If you had to choose between brand name and the look, which camp would you put yourself in? At any rate, it’s no secret that getting the right fit for your clothing is quintessential to perfecting your look and Permanent Style even claims: “A well-fitted jacket is the most flattering thing a man can own.” Let’s go back to the first question though: the best answer is to pursue a style that fits and emphasizes your own personality, mix off-brand and brand clothing as long as they all form a coherent style that fits with your body and the season.
The Basics: Fit and Color Scheme
It’s incredibly easy to master these beginning concepts when it comes to dressing well – fit and color scheme. You may not believe it, but colors and how your clothes interface with your body actually have a very potent and clear psychological impact on your perception in the eyes of other people. And the truth is that the interaction between fit and color scheme can make or break the style you’re trying to get across or convey to others.
Let’s go on a bit of a tangent here, back in middle school I used to have this principal who dyed the walls of his office in a bright orange color because apparently orange makes people uncomfortable and it helped him get the truth out of kids faster. Amazingly enough, there are studies that confirm the fact that certain colors, like orange, have negative psychological impacts on some poeple. In fact, the Journal of the American Medical Association has an entire piece on it.
But I digress, the point is that color has a psychological effect on people in most contexts, and that includes the context of how they perceive your clothing. For instance, did you know that black clothing can make you look slimmer? It doesn’t apply in every single case, but it’s a general fact that black is a color that make objects look smaller. So, the first step to perfecting the personal, inexpensive, and clean look is to get your colors and fit right.
There’s no way to have a style without a solid grasp and execution of the fundamentals.
Visualize and Idealize Your Style
A journal published in Taylor & Francis Online about the relationship of body image and clothing revealed that: “Thematic analysis of responses revealed that clothing practices are a mundane and agentic part of the adjustive and self-regulatory processes for managing distressing body image. Clothing is used strategically to manage bodily appearance and anxiety by hiding ‘problem areas’, accentuating ‘assets,’ and flattering the figure.”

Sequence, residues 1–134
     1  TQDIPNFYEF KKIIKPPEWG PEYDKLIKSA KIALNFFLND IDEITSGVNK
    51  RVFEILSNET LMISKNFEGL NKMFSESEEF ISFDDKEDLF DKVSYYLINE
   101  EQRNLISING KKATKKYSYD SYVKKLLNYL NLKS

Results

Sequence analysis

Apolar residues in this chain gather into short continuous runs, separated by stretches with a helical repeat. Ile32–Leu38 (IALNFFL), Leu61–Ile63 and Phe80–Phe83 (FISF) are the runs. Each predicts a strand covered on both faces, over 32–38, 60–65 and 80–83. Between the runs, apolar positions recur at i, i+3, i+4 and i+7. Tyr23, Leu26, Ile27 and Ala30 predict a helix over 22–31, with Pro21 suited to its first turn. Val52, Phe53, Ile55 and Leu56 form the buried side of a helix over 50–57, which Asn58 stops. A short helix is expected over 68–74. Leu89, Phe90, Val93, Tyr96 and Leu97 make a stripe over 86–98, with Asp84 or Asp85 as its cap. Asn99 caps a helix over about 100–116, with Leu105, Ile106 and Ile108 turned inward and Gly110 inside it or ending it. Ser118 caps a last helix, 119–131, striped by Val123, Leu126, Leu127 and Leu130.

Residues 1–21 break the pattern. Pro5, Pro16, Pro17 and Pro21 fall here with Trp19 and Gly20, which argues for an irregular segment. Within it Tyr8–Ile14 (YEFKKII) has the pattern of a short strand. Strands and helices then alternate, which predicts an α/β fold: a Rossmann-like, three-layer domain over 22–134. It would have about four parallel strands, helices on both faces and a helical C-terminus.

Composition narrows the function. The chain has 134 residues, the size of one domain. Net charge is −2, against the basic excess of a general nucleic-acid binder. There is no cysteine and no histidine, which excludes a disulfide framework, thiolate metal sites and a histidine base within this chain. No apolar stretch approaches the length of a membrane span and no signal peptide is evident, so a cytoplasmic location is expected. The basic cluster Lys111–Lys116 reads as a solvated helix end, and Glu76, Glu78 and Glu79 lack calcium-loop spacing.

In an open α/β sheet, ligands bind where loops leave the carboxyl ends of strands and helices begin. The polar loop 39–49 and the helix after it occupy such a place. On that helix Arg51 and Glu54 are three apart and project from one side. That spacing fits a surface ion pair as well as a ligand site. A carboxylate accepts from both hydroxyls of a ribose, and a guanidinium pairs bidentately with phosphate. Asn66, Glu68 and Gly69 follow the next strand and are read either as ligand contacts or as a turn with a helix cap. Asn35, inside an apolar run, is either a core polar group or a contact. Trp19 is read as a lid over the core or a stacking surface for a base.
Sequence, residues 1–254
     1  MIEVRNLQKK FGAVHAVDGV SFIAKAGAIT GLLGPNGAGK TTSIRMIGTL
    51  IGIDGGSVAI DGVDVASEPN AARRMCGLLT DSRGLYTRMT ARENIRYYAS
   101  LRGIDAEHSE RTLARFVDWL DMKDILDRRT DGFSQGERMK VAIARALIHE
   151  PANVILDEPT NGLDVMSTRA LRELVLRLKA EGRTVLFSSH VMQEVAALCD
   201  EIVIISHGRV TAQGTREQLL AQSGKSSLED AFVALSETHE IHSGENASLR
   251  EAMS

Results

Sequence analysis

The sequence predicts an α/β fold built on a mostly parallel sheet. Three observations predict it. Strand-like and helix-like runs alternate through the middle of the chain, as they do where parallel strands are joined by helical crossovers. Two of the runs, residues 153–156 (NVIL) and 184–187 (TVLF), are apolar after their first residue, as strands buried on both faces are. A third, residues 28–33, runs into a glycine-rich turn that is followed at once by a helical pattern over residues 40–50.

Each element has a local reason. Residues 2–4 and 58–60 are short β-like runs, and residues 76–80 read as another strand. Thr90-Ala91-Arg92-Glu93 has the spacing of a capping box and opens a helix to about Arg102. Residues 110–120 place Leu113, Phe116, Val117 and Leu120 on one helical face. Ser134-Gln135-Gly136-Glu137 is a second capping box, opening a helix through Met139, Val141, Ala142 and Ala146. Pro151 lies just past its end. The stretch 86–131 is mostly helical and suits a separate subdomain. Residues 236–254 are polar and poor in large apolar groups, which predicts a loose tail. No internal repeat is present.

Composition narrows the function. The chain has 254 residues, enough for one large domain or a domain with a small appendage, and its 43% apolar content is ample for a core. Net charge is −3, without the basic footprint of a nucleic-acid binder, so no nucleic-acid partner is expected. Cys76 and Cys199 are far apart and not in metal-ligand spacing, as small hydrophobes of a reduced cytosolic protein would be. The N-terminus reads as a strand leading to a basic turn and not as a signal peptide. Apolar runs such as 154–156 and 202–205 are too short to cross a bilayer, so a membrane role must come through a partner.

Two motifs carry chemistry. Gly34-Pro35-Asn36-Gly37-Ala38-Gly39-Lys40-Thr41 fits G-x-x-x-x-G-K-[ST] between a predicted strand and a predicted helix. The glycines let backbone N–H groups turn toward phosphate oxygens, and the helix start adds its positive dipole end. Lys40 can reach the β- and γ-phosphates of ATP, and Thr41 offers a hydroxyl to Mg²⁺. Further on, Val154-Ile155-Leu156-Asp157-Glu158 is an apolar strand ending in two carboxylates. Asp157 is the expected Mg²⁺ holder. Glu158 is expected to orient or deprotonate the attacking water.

Just think of when you were in highschool or college – maybe you still are – and you tried to maximize how you looked to others during important events. Online sites and ecommerce ventures like LoveProm are providing people with natural and appealing possibilities to find the sets of clothing that best fit what you’ve imagined in your mind. Their prominence has allowed the possibilities of personal expression to skyrocket.
People are strategic in the use of their clothing, it’s a fact. Clothing is a means to an end to a lot of different things – attraction, professionalism, or value signaling – and we use it to accomplish a variety of goals to minimize the negative aspects and maximize the positive aspects of ourselves. Whether you believe it or not, and whether you like it or not, people are geared towards making judgments about your style and how you carry yourself through the things you choose to put on your body.
Right now, there are hundreds and thousands of options and sizes to select from for all types of clothing. Even sophisticated pieces such as wedding dresses are becoming increasingly easy to coordinate and order online through vendors like Azazie. The trend of digitalization and the expansion of personal choices in clothing has made it ever easier for you to find the right clothing to express who you are, what you stand for, or to simply put your best forward.
Do It On A Budget
Dress is a set. You have t-shirts, sweaters, hats, pants, shoes, socks, and the whole rest of the wardrobe. In order to get a personal and inexpensive style, you might want to undertake a strategy that focuses on one aspect of your clothing. For instance, you can find a lot of generic dress shirts and khakis that are cheap and off-brand, but spend some good money on a nice watch, belt, and shoes.
As an example, you could buy a generic white oxford and some khakis for $50 total, but then splurge on something like Taft’s nice, intricately designed $300 pair of Saint Boots in Espresso. Linking everything together, you’d order clothes that fit you and then choose a neutral color scheme that fits your upper and lower body, but emphasizes your shoes in the example we’ve outlined above. The key is knowing and deciding what’s worth spending money on and what can reasonably be replaced with generics.
You should consciously research and learn, visualize, and budget when it comes to clothing. That’s the key to perfecting the personal, inexpensive, and clean look.